By Nafeez Ahmed
Sep 10, 2015
Jon Gold’s ‘9/11 Truther’ is a must-read for a number of reasons. On the one hand, I hate the title. Although I’ve done my part in challenging the official narrative around 9/11 and international terrorism for the last decade, I’ve never been a great fan of the language of the ‘truth movement’, which, to me, smacks of an almost religious, cult-like sensibility. And I’ve been increasingly perturbed by the proliferation of ridiculous theories masquerading as activism, much of which has simply served to distract from the hard task of challenging power. In particular, I’ve been revolted by the conspiracy theory industry itself that has grown up around the 9/11 question, generating endless proportions of speculative nonsense which obscures the task of holding the 1% to account in pursuit of progressive social transformation for more just, equal and sustainable communities, while generating profits for the proponents of these theories.
But that’s what makes Jon’s book, with its annoying title, so appealing. Because he confronts all of this, right from the start. Jon Gold is an unabashed 9/11 Truther. But he hates the conspiracy theory industry as much as anyone, has been witch-hunted by a variety of fanatically deranged self-styled ‘Troofers’, and writes passionately about the 9/11 issue not as the be-all and end-all of activism, but as a critical issue which opens up fundamental questions about politics and society today.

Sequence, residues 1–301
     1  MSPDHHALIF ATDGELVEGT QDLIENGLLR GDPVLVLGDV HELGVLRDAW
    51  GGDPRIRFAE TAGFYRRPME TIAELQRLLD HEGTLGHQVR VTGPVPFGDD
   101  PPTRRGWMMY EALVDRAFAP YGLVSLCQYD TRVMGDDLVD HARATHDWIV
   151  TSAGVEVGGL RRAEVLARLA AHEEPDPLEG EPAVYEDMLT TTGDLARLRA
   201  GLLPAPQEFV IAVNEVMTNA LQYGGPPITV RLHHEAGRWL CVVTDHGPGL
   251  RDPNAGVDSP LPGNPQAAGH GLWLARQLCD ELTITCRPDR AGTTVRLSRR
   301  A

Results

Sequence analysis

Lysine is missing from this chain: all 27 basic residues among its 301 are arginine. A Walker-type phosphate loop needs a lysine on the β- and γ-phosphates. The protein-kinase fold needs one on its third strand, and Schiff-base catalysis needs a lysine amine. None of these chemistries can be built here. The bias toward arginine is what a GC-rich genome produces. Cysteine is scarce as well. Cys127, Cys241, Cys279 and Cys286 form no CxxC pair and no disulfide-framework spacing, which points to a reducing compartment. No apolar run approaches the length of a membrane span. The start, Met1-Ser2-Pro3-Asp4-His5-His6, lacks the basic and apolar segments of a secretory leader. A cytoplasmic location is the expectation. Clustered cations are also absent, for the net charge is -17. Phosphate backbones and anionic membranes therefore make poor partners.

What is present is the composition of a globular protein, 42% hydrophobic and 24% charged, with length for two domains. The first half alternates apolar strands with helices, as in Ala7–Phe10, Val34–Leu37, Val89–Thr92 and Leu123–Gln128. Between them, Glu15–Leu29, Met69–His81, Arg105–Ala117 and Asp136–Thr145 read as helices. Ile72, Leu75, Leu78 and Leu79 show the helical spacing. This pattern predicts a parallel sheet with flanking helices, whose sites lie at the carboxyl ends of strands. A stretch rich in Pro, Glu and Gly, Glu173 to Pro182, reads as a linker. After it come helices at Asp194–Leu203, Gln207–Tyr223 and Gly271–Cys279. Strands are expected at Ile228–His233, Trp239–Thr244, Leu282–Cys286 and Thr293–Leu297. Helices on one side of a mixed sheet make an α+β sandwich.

The book opens with Jon’s own story, and it’s a really heart-wrenching, inspiring narrative of a young man, an average American, a typical 99 percenter, faced with the troubles that so many face in a society that is crumbling under the weight of lack of opportunity, inequality and corrupt government. And we learn how Jon has struggled to overcome his problems, and moreover, how the anomalies and questions around the almost total collapse of the US national security complex that facilitated 9/11 and the events leading up to these horrendous, world-shaking terrorist atrocities, changed Jon.
From a man demoralised by the pressures of living in the rat race of modern capitalism, Jon finds within himself a new spirit, inspired by the extraordinary struggles of the 9/11 Jersey Girls to demand answers from a Bush administration keen to close the book without accountability. And thus begins a story of Jon’s journey into the 9/11 movement. Throughout, though, we find the crucial distinction between that minority of people who cling fast to an ethic of rigour, fact-checking, constant questioning, and persistent self-criticism; compared to an unfortunate majority who jump to kneejerk conclusions, indulge in rampant and unverifiable speculation, and perpetually pass judgement on others who disagree with them.